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About the Author
Tim Keller is a pastor, speaker, and author. He has written numerous books and is a very influential leader in evangelicalism.
Making Sense of God provides reasons for exploring the truth claims of Christianity. Many people today do not see faith as a live option, so they are unwilling to spend time examining the evidence for the existence of God and the truth of Christianity. This book seeks to demonstrate to skeptics that secularism is based on unprovable assumptions and that secularism cannot account for some of the most basic and important human realities. Secularism and Christianity are compared and contrasted. Given the fact that secularism fails to explain many features of reality and experience—and the fact that Christianity is able to offer cogent and coherent explanations—it makes sense to take a good look at the evidence for the Christian faith.
Table of Contents
Preface: The Faith of the Secular
Chapter 1 Isn’t Religion Going Away?
Chapter 2 Isn’t Religion Based on Faith and Secularism on Evidence?
Chapter 3 A Meaning That Suffering Can’t Take from You
Chapter 4 A Satisfaction That Is Not Based on Circumstances
Chapter 5 Why Can’t I Be Free to Live as I See Fit, as Long as I Don’t Harm Anyone?
Chapter 6 The Problem of the Self
Chapter 7 An Identity That Doesn’t Crush You or Exclude Others
Chapter 8 A Hope That Can Face Anything
Chapter 9 The Problem of Morals
Chapter 10 A Justice That Does Not Create New Oppressors
Chapter 11 Is It Reasonable to Believe in God?
Chapter 12 Is It Reasonable to Believe in Christianity?
Epilogue: Only in God
Chapter 1: Isn’t Religion Going Away?
Despite the proclamations of many secularists, studies project that a higher percentage of the world’s population will be religious in the future than is currently the case. This phenomenon is not because of lack of education or technology around the world. Some at the highest levels of education are seeing that a materialistic naturalism simply cannot account for basic human realities. The last century saw many horrible atrocities committed by secular states and ideologies. Science and materialism cannot account for morality and human value, nor are love and other virtues logically compatible with a secular worldview. Not only are people discovering that atheistic worldviews are lacking in explanatory power, human beings have an inherent sense that there is something more than just this life and world. This sensation of being in touch with the transcendent can sometimes come through the beauty of the arts or nature, and such experiences cannot be reduced to genetics and evolutionary survival adaptations. There are also experiences of fullness and love and joy and meaning that cannot be explained away. Besides experiences of beauty, peace, or harmony, there are also moments of feeling a holy terror, wildness, or smallness in the face of something transcendent. Such things do not just happen to believers; many atheists describe similar moments. People do not believe in God because of an emotional need—they believe in God because it makes the most sense of their experience. The sociological reality is that the widespread movement of cultures into modernism has not stemmed the growth of religion. The growth of those in the USA who identify with no religion are coming from liberal Christian traditions; overall, the percentage of secularists is projected to shrink. Liberal churches are dying while conservative evangelical churches are growing. These are not claims put forward by affiliates of conservative religious groups—these trends have been identified by many trained secularists who study the data and conclude that the future world will be more religious than it is now. Religion is definitely not going away anytime soon.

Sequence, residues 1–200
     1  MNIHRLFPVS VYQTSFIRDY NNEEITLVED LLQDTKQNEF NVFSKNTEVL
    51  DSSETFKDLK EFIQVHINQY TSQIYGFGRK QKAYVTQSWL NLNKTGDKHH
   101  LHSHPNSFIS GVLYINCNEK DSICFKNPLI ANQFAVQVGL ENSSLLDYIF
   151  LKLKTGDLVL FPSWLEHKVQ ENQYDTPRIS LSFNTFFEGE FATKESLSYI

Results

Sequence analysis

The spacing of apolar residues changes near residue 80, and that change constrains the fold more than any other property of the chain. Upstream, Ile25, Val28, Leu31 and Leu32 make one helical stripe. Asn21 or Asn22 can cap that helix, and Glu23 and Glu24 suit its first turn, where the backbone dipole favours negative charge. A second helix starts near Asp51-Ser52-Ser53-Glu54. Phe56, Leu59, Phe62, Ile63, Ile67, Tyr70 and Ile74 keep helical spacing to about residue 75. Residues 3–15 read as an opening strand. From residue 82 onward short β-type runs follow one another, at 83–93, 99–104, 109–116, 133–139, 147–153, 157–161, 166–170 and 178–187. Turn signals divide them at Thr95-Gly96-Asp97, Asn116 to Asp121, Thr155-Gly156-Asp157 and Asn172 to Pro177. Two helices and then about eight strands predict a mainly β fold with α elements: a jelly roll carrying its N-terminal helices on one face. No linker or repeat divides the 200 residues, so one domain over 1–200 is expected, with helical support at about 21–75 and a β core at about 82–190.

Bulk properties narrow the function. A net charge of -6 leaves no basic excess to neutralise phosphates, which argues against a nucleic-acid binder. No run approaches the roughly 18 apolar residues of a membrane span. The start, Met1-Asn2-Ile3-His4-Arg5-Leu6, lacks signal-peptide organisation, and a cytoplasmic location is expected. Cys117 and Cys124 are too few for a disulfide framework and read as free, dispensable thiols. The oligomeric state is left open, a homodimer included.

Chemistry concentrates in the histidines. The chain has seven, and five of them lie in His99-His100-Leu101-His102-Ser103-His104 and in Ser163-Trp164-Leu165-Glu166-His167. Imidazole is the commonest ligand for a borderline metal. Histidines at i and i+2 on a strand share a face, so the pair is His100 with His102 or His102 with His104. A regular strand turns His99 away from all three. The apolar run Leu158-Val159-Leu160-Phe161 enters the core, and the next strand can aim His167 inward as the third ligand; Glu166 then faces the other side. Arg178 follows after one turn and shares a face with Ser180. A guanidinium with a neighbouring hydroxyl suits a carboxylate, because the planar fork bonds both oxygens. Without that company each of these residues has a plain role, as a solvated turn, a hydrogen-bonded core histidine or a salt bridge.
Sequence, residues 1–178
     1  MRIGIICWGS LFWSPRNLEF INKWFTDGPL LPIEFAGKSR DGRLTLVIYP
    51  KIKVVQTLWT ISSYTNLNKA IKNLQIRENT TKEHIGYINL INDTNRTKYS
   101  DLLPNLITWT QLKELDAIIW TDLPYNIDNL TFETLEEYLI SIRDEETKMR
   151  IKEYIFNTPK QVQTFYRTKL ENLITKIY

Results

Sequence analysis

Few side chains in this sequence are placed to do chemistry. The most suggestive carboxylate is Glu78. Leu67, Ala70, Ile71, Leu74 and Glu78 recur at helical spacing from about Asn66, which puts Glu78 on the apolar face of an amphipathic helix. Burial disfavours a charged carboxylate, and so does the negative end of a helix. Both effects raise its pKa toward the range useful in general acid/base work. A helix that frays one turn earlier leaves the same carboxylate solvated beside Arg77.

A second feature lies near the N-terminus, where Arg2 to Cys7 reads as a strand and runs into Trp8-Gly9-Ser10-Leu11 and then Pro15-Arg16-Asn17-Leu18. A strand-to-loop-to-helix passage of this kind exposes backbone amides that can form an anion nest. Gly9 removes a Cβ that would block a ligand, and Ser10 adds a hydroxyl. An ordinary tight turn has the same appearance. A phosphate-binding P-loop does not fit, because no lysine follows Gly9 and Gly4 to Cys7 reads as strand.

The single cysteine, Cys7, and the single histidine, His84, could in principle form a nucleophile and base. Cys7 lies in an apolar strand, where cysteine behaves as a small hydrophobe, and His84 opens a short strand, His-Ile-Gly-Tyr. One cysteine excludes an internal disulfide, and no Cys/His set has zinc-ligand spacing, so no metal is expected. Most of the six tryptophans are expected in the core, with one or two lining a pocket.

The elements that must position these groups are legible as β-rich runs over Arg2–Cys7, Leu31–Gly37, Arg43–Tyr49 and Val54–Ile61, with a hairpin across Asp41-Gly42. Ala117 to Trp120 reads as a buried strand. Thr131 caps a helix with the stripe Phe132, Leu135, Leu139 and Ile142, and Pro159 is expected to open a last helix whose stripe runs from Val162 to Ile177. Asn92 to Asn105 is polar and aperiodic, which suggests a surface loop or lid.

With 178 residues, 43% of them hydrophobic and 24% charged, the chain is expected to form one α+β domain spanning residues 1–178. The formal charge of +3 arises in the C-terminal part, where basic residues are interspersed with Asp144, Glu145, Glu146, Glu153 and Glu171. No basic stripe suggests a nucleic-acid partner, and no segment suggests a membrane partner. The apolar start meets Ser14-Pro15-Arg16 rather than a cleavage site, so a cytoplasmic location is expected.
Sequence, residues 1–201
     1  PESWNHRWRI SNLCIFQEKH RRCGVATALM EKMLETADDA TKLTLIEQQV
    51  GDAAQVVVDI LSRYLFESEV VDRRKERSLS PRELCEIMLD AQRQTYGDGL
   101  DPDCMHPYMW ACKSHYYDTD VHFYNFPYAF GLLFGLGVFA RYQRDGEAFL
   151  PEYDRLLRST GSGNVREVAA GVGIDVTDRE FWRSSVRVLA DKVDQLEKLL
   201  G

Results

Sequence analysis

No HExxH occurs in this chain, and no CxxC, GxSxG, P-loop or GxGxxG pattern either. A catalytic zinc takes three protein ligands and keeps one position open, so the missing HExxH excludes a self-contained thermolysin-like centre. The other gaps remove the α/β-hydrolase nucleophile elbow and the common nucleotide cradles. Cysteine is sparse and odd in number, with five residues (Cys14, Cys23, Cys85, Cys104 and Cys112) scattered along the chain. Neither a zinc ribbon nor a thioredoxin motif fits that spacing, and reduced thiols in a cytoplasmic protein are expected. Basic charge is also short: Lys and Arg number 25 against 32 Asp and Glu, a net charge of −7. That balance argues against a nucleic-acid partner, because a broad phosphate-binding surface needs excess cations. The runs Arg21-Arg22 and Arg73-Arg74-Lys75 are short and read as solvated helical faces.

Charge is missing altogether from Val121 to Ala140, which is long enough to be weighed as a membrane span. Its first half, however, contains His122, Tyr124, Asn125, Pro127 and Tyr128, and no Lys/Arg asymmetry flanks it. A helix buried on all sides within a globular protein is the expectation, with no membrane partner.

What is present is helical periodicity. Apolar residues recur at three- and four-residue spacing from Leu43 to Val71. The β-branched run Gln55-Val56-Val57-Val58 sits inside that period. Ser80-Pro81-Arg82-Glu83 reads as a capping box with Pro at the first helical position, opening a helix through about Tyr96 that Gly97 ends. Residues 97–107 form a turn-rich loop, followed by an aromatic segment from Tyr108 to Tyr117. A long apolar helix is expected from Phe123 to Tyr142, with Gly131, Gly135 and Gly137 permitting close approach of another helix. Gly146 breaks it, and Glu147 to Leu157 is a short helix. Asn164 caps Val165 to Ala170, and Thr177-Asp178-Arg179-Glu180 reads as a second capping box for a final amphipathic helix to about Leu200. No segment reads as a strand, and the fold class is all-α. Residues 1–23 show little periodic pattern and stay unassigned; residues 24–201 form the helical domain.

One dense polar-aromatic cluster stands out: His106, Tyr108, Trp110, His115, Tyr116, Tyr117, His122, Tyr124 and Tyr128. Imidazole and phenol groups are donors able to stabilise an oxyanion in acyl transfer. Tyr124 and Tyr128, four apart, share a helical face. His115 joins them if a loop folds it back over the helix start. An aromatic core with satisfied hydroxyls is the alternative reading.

Chapter 2: Isn’t Religion Based on Faith and Secularism on Evidence?
Many “deconversion” stories where a believer in God becomes an atheist proclaim that when God is subtracted, the secular, atheistic view is obviously true. Secularism is based on reason and evidence and religion is based on blind faith. Yet this narrative overlooks the fact that secularism is grounded in non-evidential faith commitments. Secularists seem to assume that only science is rational and that only scientific statements are epistemologically justified, but this view breaks down very quickly—it fails to pass its own standard. Science works with natural cause and effect relations, and so by its very nature it cannot prove or disprove the existence of God. People used to be comfortable acknowledging a God beyond their reason, but today people have exalted their reason and believe that if God and his ways don’t make sense to them, God can’t be real. . ..[To continue reading this summary, please see below....]
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Making Sense of God: An Invitation to the Skeptical